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Pickle Me This

October 28, 2014

Hello, Sweetheart by Elaine McCluskey

hello-sweetheartI love Elaine McCluskey’s short stories, and have been looking forward to her third collection, Hello, Sweetheart, which follows The Watermelon Social and Valery the Great. To begin to read one of McCluskey’s stories is to immediately be struck by the force of her voice, a voice rich with humour, perspective and compassion. Hers is a voice so compelling that it conjures a world, and the reader becomes immersed in that world, entirely on the level with McCluskey’s hapless characters.

They’re hapless, and they’re losers, but she loves them. Their stories are also terrifically funny, even when they’re sad. They’re pure of heart, always. The stories in Hello, Sweetheart take place in Halifax amidst circles that are loosely linked. We begin at the Toy Eros sex shop, where our protagonist has finally landed a job (though she tells her mother she’s working at a bookstore: “Do they know you have three years’ university?” she asks./ “Oh yes,” I lie. “They are very impressed.”) She’s overcome a tragedy that’s not made quite clear, except that it’s resulted in a special kind of clarity: “[W]e all go through life with a great ticking time bomb of tragedy strapped to our chests,” and it’s with this awareness that she regards the curious world she now inhabits.

We all go through life with a great ticking time bomb of tragedy strapped to our chests. For most of McCluskey’s characters, the bomb’s gone off, but this does not mean relinquishing all dignity. I don’t think I’ll be able to explain the point of “Giddy Up,” the man who’s convinced that he used to be a pony, who responds to most inquiries with, “If it doesn’t bother me, then why should it bother you?,” and who manages to draw his own line in the sand and is probably more powerful and free than anyone else in the book is. There’s the man who changes his dog-walking route in order to avoid “the kind of woman who wore rubber boots whether she needed them or not.” An adult woman enrolled in undergraduate courses trying to get over being duped by a guy called Dwayne. A terrifying story that begins with an early morning wake-up and ends with a kidnapping, it all happening so fast that you’ll thumb back through the pages wondering, “How did she take me there?”

“Chez Helene” is a wonderful story in which, like so many of these, the real story is in the subtext, the space between the lines, which is that “people can believe anything they want to. And that’s ok.” (The idea that underlines so many of these stories—this is the definition of compassion.) “Jaw Breakers” is a very McCluskeyian story of a former swim champ whose career trajectory went wrong, and then he begins to lose his father in a curious way, and there goes the ground beneath his feet. Similarly sad is the life of the man falsely accused of sexually abusing children who is then left to make his own way with his shattered reputation—though McCluskey offers him the slightest reprieve from his sorrow.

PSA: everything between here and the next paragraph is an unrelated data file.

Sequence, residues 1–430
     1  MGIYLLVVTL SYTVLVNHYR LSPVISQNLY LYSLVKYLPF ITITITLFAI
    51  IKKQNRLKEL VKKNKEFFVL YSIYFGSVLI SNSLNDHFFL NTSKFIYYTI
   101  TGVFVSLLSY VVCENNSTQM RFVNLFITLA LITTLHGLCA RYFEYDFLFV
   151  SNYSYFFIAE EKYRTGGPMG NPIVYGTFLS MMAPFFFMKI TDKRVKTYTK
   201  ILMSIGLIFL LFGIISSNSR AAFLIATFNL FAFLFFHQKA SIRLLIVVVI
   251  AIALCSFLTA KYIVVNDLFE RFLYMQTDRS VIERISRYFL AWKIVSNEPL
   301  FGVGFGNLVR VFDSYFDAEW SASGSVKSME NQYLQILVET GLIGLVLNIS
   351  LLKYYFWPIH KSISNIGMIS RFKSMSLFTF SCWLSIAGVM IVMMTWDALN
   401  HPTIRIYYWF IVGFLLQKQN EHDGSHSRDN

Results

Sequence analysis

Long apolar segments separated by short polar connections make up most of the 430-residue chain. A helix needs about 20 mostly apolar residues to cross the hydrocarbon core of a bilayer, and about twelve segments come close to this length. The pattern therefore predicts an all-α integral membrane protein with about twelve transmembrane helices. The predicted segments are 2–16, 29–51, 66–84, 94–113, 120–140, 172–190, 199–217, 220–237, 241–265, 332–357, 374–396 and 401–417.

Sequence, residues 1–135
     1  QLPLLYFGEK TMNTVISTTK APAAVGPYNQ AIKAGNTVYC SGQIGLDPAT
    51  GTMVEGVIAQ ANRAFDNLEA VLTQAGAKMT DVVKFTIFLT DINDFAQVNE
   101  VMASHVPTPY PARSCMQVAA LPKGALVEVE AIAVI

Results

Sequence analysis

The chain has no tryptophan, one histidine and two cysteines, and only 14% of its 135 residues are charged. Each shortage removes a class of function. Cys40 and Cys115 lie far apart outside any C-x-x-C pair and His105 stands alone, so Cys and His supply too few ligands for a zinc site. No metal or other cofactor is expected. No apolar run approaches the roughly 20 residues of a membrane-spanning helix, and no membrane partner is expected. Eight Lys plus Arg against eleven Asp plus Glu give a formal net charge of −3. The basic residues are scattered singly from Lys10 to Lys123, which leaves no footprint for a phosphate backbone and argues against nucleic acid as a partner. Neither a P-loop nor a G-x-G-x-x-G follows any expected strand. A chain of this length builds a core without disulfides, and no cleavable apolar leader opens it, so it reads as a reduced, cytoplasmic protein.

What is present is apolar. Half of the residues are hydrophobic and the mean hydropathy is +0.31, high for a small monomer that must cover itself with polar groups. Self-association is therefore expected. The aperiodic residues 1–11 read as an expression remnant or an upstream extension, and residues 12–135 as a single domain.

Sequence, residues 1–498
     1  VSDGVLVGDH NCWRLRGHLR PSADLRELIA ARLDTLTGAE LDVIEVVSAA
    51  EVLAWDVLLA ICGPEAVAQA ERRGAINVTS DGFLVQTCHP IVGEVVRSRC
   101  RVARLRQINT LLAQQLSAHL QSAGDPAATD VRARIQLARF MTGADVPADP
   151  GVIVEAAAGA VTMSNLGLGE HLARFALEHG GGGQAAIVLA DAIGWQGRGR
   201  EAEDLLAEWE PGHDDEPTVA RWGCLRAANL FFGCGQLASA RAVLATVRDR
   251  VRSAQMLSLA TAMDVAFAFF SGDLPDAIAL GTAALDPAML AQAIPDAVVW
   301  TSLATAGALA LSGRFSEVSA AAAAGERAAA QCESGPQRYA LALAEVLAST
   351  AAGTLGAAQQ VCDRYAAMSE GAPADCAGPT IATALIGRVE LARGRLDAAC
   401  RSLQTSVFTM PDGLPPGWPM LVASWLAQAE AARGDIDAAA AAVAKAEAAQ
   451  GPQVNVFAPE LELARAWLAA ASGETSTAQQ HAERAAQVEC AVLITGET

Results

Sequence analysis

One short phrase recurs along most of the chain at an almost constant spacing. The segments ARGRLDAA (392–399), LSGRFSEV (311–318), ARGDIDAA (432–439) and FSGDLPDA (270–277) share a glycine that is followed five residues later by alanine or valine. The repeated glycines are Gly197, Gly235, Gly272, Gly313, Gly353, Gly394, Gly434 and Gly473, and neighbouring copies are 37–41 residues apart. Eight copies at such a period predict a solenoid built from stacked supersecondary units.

“Rating Dr. Chestnut” is the story I’ve been waiting for all my life, that which is told through the structure of comments on a RateMyMD.com site. Which is not the only story in the book to engage with life online, other stories with Facebook and text messaging as embedded in the fiction as it is in real life, one even comprising two of those “Ten Things About Me” lists that were uber-memed a few years back. And Margaret, whose whole story takes place in her head as she’s playing a drinking game (alone) while watching Say Yes to the Dress. These are stories that engage so readily with the stuff of the world.

And then the final story, “Hello, Sweetheart,” a story that explains a lot, about grief and mourning, most of the text seemingly delivered from McCluskey to her father shortly after his death. He’s the subject of her second-person narration, and she tells him a story from his funeral. “It was funny, Dad, and you would have laughed. It would have been one of those stories we could have told. Over and over again.”

I finished that last story, shut the book, and clutched it close, and said, “Yes.” The whole project making sense, those stories, the sadness. Some of these stories are a bit rough around the edges, though in McCluskey’s work, form is always secondary to language. There is an exuberance to her work, an energy, that is so compelling to encounter, and there’s nothing else like it, really. She’s one of the best short story writers at work in Canada—which is saying something indeed.

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